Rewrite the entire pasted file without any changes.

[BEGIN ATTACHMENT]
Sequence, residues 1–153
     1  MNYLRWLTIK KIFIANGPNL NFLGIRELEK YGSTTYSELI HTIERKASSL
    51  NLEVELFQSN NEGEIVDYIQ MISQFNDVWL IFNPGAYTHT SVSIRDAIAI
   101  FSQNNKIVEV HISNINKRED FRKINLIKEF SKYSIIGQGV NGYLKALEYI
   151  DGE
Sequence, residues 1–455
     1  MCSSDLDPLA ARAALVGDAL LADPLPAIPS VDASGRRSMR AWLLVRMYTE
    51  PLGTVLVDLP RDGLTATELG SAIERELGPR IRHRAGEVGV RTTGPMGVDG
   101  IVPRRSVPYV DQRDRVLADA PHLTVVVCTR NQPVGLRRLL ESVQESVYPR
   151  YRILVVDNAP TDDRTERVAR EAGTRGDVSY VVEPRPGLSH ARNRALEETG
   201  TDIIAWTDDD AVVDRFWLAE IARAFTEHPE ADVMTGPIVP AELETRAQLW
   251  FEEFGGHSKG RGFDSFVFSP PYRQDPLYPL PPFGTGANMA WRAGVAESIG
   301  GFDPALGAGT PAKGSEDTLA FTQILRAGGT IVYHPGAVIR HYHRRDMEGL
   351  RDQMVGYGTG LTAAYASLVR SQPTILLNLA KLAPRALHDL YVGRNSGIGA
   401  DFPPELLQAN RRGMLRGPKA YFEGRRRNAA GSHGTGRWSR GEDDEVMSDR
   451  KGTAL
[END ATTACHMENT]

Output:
Sequence, residues 1–153
     1  MNYLRWLTIK KIFIANGPNL NFLGIRELEK YGSTTYSELI HTIERKASSL
    51  NLEVELFQSN NEGEIVDYIQ MISQFNDVWL IFNPGAYTHT SVSIRDAIAI
   101  FSQNNKIVEV HISNINKRED FRKINLIKEF SKYSIIGQGV NGYLKALEYI
   151  DGE
Sequence, residues 1–455
     1  MCSSDLDPLA ARAALVGDAL LADPLPAIPS VDASGRRSMR AWLLVRMYTE
    51  PLGTVLVDLP RDGLTATELG SAIERELGPR IRHRAGEVGV RTTGPMGVDG
   101  IVPRRSVPYV DQRDRVLADA PHLTVVVCTR NQPVGLRRLL ESVQESVYPR
   151  YRILVVDNAP TDDRTERVAR EAGTRGDVSY VVEPRPGLSH ARNRALEETG
   201  TDIIAWTDDD AVVDRFWLAE IARAFTEHPE ADVMTGPIVP AELETRAQLW
   251  FEEFGGHSKG RGFDSFVFSP PYRQDPLYPL PPFGTGANMA WRAGVAESIG
   301  GFDPALGAGT PAKGSEDTLA FTQILRAGGT IVYHPGAVIR HYHRRDMEGL
   351  RDQMVGYGTG LTAAYASLVR SQPTILLNLA KLAPRALHDL YVGRNSGIGA
   401  DFPPELLQAN RRGMLRGPKA YFEGRRRNAA GSHGTGRWSR GEDDEVMSDR
   451  KGTAL